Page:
February 16, 1991
CELTICS' DAZZLE FRAZZLES LAKERS
Something special is happening out here. The Celtics are three time zones away and doing some eerie things while most of New England sleeps.
Last night they went into the Forum and won for the first time in five years. They got a season-high 29 points from Robert Parish, 26 from Reggie Lewis and solid defense from everyone in a 98-85 stunner before Jack Nicholson, Dyan Cannon and 17,503 others.
To give you an idea of how convincing this one was, the Lakers led for all of 22 seconds -- at 6-4 -- in the building where they had won 14 straight. Not only that, but the Lakers managed a meager 13 points on 4-for-19 shooting in the fourth quarter.
Chris Ford's reenergized juggernaut has now won six straight, including all three on this trip. Last night was only their second regular-season victory over the Lakers in their last 10 meetings and more than atoned for a 104-87 defeat to Magic Johnson & Co. on Super Bowl Sunday.
"Give them credit. They played a great game," Magic said. "The whole night, I never really thought we got into a rhythm."
To add to the strange mix, the Celtics again were without Kevin McHale (ankle), who had to restrain himself in the locker room while the surprising triumph unfolded. They are 2-0 without McHale, who quite likely won't play tomorrow in Denver.
Larry Bird had an atrocious shooting game (4 for 16) and had only one basket in the final 33 minutes. But, typically, it was a big one. He drained a trey which gave Boston a 92-81 lead and all but ended any Laker hopes. Bird managed a triple-double, getting 11s across the board in 40 minutes.
"I was tired out there, so I tried to distribute the ball as best I could," Bird said. "We just went to the hot man and kept going to him."
The hot men? Start with the Chief. Parish delivered a first quarter right out of the Chamberlain handbook. He was 9 for 10 from the field after missing his first shot, scoring a staggering 21 points. Predictably, he tailed off, but he was an inside force all night (10 rebounds and 2 blocks).
Lewis took over after a scoreless first quarter, punctuating his output with two Forum-clearing jumpers in the fourth quarter.
It was Parish, however, who set the tone, and the Celtics rarely wavered from it all game. He had the first 5 points of an early 9-0 run which erased the only Laker lead of the game.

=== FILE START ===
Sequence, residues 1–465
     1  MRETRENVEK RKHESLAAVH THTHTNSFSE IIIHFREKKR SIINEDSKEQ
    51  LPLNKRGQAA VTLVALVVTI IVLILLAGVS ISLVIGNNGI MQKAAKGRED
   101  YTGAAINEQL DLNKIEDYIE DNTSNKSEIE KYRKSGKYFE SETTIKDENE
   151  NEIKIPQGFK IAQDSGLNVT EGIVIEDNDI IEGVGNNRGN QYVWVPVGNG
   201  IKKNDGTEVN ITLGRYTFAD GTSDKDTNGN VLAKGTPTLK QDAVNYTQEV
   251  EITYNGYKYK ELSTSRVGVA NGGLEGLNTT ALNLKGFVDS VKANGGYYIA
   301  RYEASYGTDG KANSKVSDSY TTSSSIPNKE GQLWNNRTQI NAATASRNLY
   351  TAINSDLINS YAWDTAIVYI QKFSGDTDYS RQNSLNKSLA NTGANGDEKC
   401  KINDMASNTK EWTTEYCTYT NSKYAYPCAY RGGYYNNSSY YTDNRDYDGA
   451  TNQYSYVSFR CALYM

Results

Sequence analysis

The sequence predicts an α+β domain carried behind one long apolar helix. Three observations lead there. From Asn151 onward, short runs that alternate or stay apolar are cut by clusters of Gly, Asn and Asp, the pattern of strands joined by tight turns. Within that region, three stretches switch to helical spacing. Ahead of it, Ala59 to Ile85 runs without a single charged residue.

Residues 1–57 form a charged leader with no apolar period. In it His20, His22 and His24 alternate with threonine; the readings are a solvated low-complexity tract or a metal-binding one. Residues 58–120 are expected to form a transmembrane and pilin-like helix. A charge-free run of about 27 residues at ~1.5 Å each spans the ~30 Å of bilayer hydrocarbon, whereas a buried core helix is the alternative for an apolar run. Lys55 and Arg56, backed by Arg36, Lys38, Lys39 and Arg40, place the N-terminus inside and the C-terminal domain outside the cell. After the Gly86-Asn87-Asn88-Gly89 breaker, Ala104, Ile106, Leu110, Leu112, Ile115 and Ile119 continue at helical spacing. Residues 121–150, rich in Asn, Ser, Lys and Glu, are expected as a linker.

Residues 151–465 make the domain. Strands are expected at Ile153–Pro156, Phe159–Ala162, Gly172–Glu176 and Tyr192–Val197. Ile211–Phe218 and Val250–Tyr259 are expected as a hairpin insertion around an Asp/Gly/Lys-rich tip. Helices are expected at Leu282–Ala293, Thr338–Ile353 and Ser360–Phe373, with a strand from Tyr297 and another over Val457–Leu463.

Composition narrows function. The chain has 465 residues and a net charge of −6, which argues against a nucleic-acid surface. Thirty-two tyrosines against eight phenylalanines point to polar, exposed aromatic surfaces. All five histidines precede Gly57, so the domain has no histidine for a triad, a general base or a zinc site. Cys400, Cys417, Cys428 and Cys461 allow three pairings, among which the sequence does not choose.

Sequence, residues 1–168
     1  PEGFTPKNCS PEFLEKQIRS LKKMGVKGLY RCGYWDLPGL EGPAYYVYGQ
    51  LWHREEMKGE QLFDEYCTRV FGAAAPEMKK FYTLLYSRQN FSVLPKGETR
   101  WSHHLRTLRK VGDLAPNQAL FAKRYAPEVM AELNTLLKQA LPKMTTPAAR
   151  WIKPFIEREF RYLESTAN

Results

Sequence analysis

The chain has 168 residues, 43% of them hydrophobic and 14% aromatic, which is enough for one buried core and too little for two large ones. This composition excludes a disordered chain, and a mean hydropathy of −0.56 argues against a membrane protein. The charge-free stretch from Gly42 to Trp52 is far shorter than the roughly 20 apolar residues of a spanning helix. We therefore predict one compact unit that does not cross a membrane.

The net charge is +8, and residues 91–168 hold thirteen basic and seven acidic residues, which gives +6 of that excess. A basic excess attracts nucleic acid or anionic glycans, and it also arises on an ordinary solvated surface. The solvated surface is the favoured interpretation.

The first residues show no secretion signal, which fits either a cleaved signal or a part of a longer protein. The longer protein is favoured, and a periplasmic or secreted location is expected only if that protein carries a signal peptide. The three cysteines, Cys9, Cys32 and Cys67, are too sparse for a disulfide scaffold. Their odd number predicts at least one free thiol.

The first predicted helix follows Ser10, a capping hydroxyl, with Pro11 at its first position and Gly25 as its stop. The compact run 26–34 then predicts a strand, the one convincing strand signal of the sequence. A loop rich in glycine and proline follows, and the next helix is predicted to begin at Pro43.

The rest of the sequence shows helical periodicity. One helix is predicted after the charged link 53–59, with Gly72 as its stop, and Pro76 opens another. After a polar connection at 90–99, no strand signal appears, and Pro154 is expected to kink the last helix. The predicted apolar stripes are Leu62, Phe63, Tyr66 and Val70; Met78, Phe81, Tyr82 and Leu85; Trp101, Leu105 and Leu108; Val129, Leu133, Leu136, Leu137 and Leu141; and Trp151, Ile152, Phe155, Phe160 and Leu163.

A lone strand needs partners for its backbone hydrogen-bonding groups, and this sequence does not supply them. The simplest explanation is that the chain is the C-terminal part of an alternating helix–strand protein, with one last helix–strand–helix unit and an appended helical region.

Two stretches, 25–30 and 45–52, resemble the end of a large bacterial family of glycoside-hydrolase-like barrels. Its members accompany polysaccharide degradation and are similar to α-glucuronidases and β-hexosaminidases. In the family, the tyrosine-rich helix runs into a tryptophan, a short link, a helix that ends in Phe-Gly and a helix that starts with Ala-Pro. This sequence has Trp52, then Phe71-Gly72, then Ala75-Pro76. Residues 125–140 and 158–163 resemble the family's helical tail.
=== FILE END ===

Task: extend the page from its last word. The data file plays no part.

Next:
Los Angeles, meanwhile, was resigned to looking a lot like the old Celtics. Magic (21 points, 16 assists) would dump it in to James Worthy (23 points) and the rest of the Lakers would settle into their lawn chairs and watch.
The Celtics' faced two semi-serious Laker thrusts after bolting to a 35-27 one-period lead. They went cold early in the second and LA actually tied it, 39-39, on a jump hook by an injured and ineffective Sam Perkins (7 points in 24 minutes).
But Boston regrouped and Kevin Gamble (14) and Lewis took over. They scored the final 19 of Boston's 23 second-quarter points. At the half, the Boston lead was 11.
Everyone from Malibu to Thousand Oaks could have predicted a Lakers surge in the third. They hit their first five shots and pulled to 62-57. Ford called time and Boston responded with a Lewis-led 7-1 run. The lead was back to 11.
The Lakers' last real challenge came late in the third. An A.C. Green put-back made it 75-72.
But Ed Pinckney then came up with two big plays. He rebounded one of many Bird bricks, which led to a Lewis banker. At the other end, he swallowed a Perkins drive and that led to another Lewis hoop. Gamble then finished off the mini-run -- all this happened in the final 49 seconds -- with a steal and two free throws. The lead was 81-72 after three.
Los Angeles never got closer than 6 in the fourth. It made only one basket in the final 7:32. Gamble launched a game-deciding 11-2 run with a lefty drive and the spurt included Bird's big trey and Lewis' two hoops, which gave the beautiful people the excuse they needed to leave early.